It happened in a flash — almost unexpectedly.
Sophomore outside hitter Falyn Fonoimoana, who appeared to be the future of an already bright USC women’s volleyball program after being named Pac-10 Freshman of the Year in 2010, was gone. There was neither a news conference nor an in-depth explanation given.
A simple, almost mundane, 95-word press release was issued, alerting the masses to the fact that the talented sophomore would be “ineligible” for the upcoming season and leaving more questions than answers.
“We exhausted all of our resources in order to help Falyn retain her eligibility,” Haley said. “We have very high expectations of our student-athletes, on and off the court, here at USC.”
Was this because of academics? Or did it confirm message board rumors that Fonoimoana was looking to transfer to Hawaii?
Regardless of the reason behind her departure, it leaves a gaping hole on the Women of Troy’s roster. After all, she finished second in the team last season in points and kills with 398.
But USC will survive.
Granted, you don’t replace those kind of stats overnight, but with nine talented starters returning after a run to the semifinals of the NCAA tournament in 2010, the Women of Troy, nonetheless, could very well notch back-to-back Final Four appearances. Heck, with a No. 2 preseason ranking, a national title is in play as well.
With the Fonoimoana ordeal in the past, the team and the coaching staff can now move forward, putting its rocky week behind them.
USC coach Mick Haley shouldn’t be one to worry, either. I’d be hesitant to get worked up over one player, especially when he has a multitude of talented student-athletes able and ready to make up for her absence.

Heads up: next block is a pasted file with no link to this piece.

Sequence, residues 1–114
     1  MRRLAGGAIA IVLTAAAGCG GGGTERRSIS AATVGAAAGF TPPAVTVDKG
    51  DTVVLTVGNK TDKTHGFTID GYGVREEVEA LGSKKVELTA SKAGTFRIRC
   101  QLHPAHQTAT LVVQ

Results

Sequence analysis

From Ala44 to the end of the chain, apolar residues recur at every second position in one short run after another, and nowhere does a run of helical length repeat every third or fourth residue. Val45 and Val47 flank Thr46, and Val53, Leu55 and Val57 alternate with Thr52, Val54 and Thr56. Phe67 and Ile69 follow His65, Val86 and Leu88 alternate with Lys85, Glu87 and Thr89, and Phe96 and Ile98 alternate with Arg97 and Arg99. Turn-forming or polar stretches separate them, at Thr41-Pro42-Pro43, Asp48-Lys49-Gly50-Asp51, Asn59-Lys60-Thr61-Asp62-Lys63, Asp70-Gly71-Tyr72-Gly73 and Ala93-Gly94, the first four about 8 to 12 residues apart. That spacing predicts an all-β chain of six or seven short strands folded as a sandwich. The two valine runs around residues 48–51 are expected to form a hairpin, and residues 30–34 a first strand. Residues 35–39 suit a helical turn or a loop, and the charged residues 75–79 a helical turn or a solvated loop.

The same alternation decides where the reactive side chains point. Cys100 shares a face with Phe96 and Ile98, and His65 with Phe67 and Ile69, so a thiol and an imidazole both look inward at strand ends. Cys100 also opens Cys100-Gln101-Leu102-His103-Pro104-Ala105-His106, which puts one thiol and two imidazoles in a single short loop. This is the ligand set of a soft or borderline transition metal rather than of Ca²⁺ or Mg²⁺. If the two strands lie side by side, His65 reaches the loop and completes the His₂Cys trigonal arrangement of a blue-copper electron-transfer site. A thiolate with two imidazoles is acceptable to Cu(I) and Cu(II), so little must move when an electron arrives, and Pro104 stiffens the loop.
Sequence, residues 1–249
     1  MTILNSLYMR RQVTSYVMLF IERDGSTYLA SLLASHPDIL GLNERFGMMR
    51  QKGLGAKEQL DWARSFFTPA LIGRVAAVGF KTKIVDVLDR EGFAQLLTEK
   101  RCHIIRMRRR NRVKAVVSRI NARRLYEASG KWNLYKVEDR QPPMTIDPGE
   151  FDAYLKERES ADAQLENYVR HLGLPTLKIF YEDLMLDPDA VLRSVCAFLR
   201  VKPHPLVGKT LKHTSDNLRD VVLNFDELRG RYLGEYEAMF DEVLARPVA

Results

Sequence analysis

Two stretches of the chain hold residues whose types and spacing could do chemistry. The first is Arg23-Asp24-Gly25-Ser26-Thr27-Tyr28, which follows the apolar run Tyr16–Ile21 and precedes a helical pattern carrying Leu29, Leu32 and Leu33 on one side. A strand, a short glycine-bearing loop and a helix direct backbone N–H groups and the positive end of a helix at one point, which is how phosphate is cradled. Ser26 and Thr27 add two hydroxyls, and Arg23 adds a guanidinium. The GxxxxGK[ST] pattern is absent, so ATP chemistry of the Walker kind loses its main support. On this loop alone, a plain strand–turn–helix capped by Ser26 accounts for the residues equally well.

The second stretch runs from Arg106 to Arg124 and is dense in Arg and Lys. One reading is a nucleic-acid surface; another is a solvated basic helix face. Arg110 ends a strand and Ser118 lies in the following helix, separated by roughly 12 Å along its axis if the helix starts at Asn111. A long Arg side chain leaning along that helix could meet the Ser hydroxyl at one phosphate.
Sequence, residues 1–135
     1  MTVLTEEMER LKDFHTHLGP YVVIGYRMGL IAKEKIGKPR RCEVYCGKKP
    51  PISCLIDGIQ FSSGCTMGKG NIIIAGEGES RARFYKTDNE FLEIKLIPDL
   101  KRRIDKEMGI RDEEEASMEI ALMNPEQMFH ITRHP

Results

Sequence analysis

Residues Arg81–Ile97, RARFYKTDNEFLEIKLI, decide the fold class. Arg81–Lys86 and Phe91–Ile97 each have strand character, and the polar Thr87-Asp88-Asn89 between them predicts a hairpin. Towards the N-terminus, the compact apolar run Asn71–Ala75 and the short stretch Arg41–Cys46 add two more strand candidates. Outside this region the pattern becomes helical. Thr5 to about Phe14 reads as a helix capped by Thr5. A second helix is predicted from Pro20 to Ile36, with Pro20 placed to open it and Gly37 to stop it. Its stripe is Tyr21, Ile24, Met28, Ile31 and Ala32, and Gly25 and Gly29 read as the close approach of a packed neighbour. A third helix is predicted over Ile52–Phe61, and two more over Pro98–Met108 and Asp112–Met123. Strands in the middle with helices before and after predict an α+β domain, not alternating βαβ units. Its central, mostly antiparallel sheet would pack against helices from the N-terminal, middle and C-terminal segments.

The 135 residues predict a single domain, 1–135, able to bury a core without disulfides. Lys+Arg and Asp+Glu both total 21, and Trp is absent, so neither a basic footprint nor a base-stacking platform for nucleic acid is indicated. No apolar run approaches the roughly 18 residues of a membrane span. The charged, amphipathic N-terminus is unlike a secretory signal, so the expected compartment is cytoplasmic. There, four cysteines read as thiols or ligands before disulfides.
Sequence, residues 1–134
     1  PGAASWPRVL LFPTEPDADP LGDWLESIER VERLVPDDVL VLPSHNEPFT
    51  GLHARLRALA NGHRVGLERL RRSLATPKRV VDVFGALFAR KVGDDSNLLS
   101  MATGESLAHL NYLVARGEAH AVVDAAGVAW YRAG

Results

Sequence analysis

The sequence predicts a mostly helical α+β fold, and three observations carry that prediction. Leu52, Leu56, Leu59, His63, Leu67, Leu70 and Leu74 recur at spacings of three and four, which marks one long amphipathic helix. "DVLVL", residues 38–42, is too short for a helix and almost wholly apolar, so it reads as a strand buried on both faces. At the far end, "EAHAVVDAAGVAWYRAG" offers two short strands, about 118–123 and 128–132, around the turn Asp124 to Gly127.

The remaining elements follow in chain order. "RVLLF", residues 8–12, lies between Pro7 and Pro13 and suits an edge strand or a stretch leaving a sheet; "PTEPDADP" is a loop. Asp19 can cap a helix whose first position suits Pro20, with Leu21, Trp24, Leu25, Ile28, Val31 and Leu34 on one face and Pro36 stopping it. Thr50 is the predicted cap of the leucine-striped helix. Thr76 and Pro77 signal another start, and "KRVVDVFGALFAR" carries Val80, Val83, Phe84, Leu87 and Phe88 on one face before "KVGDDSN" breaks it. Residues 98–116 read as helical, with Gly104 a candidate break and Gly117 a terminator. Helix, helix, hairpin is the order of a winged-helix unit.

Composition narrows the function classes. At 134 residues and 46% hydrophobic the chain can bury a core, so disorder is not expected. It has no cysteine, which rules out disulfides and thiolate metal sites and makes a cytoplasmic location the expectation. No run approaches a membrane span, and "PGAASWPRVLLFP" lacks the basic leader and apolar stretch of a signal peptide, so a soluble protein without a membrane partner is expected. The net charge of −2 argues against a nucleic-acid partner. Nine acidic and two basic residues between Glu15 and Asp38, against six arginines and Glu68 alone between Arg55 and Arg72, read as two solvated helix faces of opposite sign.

Haley certainly has the pedigree to back that up.
Since coming to USC, Haley has guided the Women of Troy to two national championships, five Final Four appearances and 10 consecutive NCAA tournament appearances in 11 years; it’s quite the résumé.
Possibly atop his laundry list of accomplishments, he guided the Women of Troy to an undefeated 2003 season, a rare feat in collegiate athletics.
This year the Women of Troy have a ranking to defend, but more importantly, the top spot to chase.
No. 1 Penn State, winners of four straight national championships, currently sit atop the collegiate volleyball world, but a fifth straight title won’t be easy looking at USC’s roster.
The Women of Troy boast an impressive trio in outside hitter Alex Jupiter, setter Kendall Bateman and middle blocker Lauren Williams. All three are seniors and all three were All-Americans last season. And all three are among the best in school history.
This season Jupiter has the opportunity to break the record for kills, service aces and points for a career at USC. Bateman can also set the career record for assists. And Williams, who at 6-foot-4 remains an incredibly important asset for the Women of Troy, particularly in terms of blocking, after posting 115 blocks last season.
All three will be counted upon to make up for the absence of Fonoimoana, as well as the loss of sophomore middle blocker Alexis Olgard for the first couple weeks of the season because of offseason knee surgery.
To aid the experience of their three seniors, last year’s No. 1 recruiting class, including sophomore libero Natalie Hagglund, sophomore outside hitter Kirby Bunham and sophomore outside hitter Sara Shaw will take on an even greater role.
And an incoming freshman class rated 10th in the nation will also get an opportunity to play early in the season.
So despite all the hoopla surrounding Fonoimoana, this USC squad still has the talent, experience, depth and coaching pedigree to challenge and upend the Nittany Lions four-year reign at the top.
With Haley directing Jupiter, Bateman, Williams and a group of talented underclassman, no Fonoimoana doesn’t mean no NCAA championship.
Without its Pac-10 Freshman Player of the Year, there is really no need to worry at all; she’s just another player on this deep and talented roster that can easily be replaced, just another road bump to get over on the way to another NCAA appearance and further.
“In the Zone” runs every other Friday.
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